Technical Q&A with Lennard Zinn: Using different wheels; more on carbon and damping; and torque-wrench warning
Dear Lennard,I have two sets of wheels I use for my bike with two different sets of clinchers, each with a different maximum-pressure rating. My race wheels have tires with a max pressure rating of 116 psi (Michelin Pro Race). However, my training wheels have tires with a max pressure of 145 psi (Vredestein Fortezza Tri Comp). I use my training wheels as my pit wheels while racing. If I have to change a wheel during a race, will the different pressures between the front and rear cause me handling problems or other dangers? Secondly, I am 175 pounds and use paired-spoke wheels (Shimano
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By Lennard Zinn
I have two sets of wheels I use for my bike with two different sets of clinchers, each with a different maximum-pressure rating. My race wheels have tires with a max pressure rating of 116 psi (Michelin Pro Race). However, my training wheels have tires with a max pressure of 145 psi (Vredestein Fortezza Tri Comp). I use my training wheels as my pit wheels while racing. If I have to change a wheel during a race, will the different pressures between the front and rear cause me handling problems or other dangers? Secondly, I am 175 pounds and use paired-spoke wheels (Shimano WH-7701) to race. I have problems keeping the wheels true. Other riders have informed me that the wheels go out of true because I am over 165 lbs. Is this true?
No, the pressure difference will probably not throw you off, especially if you follow my recommendations from last week, since I can’t imagine any road race or crit where you would want to run those Vredesteins at higher than 120psi or so anyway. You may, of course, notice the higher rolling resistance and reduced cornering performance of the stiffer, lower-thread-count Michelin.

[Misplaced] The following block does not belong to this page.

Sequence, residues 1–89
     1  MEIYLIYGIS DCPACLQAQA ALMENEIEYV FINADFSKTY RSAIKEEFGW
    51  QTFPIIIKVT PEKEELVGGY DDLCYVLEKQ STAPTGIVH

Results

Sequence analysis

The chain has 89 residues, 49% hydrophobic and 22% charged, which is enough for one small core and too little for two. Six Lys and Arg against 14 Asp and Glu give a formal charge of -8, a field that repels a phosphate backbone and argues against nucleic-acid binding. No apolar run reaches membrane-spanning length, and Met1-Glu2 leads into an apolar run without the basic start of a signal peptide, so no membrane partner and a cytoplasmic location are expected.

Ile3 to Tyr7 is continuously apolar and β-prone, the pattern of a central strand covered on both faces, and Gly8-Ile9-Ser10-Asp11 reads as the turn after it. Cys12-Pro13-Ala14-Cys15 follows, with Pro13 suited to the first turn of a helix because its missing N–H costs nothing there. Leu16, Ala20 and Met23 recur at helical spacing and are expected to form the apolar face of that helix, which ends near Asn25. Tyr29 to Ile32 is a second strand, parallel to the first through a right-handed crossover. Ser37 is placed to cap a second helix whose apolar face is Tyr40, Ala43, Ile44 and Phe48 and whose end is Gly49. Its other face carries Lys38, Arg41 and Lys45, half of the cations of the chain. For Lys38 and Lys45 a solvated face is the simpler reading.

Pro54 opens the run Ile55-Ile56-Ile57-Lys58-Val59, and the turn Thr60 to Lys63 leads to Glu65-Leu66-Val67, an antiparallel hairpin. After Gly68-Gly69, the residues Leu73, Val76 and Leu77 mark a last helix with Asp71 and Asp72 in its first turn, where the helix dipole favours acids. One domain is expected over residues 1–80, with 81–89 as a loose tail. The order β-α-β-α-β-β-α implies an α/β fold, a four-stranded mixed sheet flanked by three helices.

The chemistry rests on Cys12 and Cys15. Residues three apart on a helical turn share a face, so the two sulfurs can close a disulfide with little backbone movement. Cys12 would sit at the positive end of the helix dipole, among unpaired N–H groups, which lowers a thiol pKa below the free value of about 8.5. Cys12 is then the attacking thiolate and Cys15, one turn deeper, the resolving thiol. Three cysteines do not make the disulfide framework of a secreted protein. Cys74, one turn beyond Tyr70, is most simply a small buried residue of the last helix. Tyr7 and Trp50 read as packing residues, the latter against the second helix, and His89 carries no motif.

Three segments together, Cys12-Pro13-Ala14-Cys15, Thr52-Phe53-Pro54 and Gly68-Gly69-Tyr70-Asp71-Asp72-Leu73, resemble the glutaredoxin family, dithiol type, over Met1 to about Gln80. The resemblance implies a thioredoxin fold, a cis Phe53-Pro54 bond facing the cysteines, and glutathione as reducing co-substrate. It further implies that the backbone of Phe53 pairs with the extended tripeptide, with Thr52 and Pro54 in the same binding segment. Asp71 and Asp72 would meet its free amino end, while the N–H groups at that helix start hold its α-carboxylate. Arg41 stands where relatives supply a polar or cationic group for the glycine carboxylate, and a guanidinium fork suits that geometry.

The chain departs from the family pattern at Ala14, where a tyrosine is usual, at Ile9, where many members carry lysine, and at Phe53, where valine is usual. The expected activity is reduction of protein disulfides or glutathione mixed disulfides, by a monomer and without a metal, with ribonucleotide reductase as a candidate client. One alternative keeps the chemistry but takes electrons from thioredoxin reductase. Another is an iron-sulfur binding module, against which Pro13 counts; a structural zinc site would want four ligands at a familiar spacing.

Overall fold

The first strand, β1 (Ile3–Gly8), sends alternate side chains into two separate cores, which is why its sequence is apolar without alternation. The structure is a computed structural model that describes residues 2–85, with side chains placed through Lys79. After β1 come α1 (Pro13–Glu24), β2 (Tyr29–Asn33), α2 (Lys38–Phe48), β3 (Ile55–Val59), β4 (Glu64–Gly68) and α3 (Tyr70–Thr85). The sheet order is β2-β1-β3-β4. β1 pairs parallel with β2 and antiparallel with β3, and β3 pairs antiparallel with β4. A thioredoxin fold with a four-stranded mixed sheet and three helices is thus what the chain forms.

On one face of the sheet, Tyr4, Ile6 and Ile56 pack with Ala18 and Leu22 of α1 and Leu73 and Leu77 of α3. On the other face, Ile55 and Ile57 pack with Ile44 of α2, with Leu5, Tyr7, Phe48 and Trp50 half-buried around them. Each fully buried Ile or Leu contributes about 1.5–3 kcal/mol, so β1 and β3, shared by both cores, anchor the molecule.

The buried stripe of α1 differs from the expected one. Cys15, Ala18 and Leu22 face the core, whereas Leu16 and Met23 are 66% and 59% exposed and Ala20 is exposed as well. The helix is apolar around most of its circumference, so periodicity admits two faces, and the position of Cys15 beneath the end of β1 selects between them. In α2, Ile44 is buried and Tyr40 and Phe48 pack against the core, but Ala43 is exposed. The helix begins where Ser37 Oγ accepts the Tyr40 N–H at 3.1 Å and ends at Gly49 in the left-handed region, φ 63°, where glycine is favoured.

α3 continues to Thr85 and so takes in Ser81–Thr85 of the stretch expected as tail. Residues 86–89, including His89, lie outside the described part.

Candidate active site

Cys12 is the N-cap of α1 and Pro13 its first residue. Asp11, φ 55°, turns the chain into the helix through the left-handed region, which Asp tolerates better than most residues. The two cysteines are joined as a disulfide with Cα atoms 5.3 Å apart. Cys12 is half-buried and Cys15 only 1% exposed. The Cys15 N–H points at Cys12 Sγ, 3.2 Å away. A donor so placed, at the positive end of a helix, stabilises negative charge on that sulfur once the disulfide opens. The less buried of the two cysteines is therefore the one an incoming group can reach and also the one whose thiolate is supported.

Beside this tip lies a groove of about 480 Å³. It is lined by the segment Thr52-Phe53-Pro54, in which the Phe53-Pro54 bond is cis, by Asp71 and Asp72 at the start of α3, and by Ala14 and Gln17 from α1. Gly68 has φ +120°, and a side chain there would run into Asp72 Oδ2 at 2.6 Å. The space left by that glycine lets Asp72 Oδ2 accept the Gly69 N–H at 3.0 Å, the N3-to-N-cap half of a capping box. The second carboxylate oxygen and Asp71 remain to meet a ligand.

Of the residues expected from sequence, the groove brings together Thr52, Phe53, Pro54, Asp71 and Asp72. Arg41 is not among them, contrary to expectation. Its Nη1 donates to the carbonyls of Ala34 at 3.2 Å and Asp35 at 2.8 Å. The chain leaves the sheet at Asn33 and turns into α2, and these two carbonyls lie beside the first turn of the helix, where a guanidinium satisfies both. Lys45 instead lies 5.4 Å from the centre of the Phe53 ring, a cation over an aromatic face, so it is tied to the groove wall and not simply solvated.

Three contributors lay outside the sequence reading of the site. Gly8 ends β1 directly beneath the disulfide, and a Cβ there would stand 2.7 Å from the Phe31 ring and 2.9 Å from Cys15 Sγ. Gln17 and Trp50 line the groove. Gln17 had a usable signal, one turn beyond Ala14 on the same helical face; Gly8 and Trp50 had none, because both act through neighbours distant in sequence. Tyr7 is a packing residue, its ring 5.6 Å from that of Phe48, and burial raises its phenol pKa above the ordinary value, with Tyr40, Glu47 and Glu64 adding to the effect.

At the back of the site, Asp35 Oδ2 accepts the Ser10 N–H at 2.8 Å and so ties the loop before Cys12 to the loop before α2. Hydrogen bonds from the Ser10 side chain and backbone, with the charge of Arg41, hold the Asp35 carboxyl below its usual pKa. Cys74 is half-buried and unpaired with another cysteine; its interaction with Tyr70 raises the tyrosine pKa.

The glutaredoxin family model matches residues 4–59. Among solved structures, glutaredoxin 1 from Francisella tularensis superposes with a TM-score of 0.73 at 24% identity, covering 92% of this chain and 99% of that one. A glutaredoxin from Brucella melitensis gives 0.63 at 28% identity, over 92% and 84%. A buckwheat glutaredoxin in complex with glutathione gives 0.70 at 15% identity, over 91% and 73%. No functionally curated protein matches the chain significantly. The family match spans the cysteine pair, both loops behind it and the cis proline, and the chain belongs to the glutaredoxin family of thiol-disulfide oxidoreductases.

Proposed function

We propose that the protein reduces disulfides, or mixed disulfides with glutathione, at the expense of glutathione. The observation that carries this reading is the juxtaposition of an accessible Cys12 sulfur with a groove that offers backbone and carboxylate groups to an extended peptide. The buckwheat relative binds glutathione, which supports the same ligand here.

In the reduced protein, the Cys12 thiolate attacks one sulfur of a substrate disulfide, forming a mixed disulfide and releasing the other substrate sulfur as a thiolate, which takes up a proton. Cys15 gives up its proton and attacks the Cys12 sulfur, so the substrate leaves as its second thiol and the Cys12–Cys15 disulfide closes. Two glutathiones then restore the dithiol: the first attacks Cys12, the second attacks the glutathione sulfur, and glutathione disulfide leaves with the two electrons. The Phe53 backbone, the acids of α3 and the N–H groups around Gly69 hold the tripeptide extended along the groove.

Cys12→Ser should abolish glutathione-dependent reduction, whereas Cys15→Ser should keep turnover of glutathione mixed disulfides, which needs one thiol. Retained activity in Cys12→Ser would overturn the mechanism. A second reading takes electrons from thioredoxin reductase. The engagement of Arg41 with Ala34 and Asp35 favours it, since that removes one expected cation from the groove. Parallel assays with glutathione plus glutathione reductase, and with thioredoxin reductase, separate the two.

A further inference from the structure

As for the wheels, the heavier you are, the more you can cause the nipples to lose contact at the hub as the wheel rolls, deforms, and de-tensions each spoke as it comes past the bottom, making it possible for the nipples to loosen up. That said, I find that riding style has at least as much to do with it as weight. Some riders who are quite a bit heavier yet who have smoother pedaling styles and are more graceful over road imperfections can ride the same races and events problem-free on the same wheels that constantly fall apart under lighter riders. Some Loctite or Spoke Prep on your nipples might help.
Revisiting carbon and damping
I purchased a 54cm 2004 Roubaix Comp after test-riding numerous bikes, including the Trek 5200. The difference between the Trek and the Roubaix is like night and day as far as harshness is concerned. As far as I’m concerned, all of Specialized’s claims about the Roubaix’s shock absorption are true.
I have arthritis in my hands and they always hurt to some degree, but most of the bikes I tested on my favorite neighborhood rough roads make me want to do ibubrofen-loading immediately. On the Roubaix, I feel the low-frequency component of the bumps but it’s not at all painful.
I was shopping to replace a 20-year-old Viner track bike with an added derailleur hanger and brake bridge. Surprisingly, most of the current road bikes that I tested including the Trek were harsher than the Viner.
The sensation of riding the Roubaix is quite peculiar in that there’s a real absence of sensation; it comes close to disappearing under you. I’ve had bikes like the early vintage Cannondales that felt very dead and it’s nothing like that; it’s a desirable sensation closer to floating. I still have the Cannondale; I’ve tried to give it away and it always comes back. The Roubaix also handles out-of-the-saddle climbing as well as the old Viner and about the same as a friend’s Dean with a carbon fork, which is the best bike I’ve ever tried for climbing.
Specialized chimes in: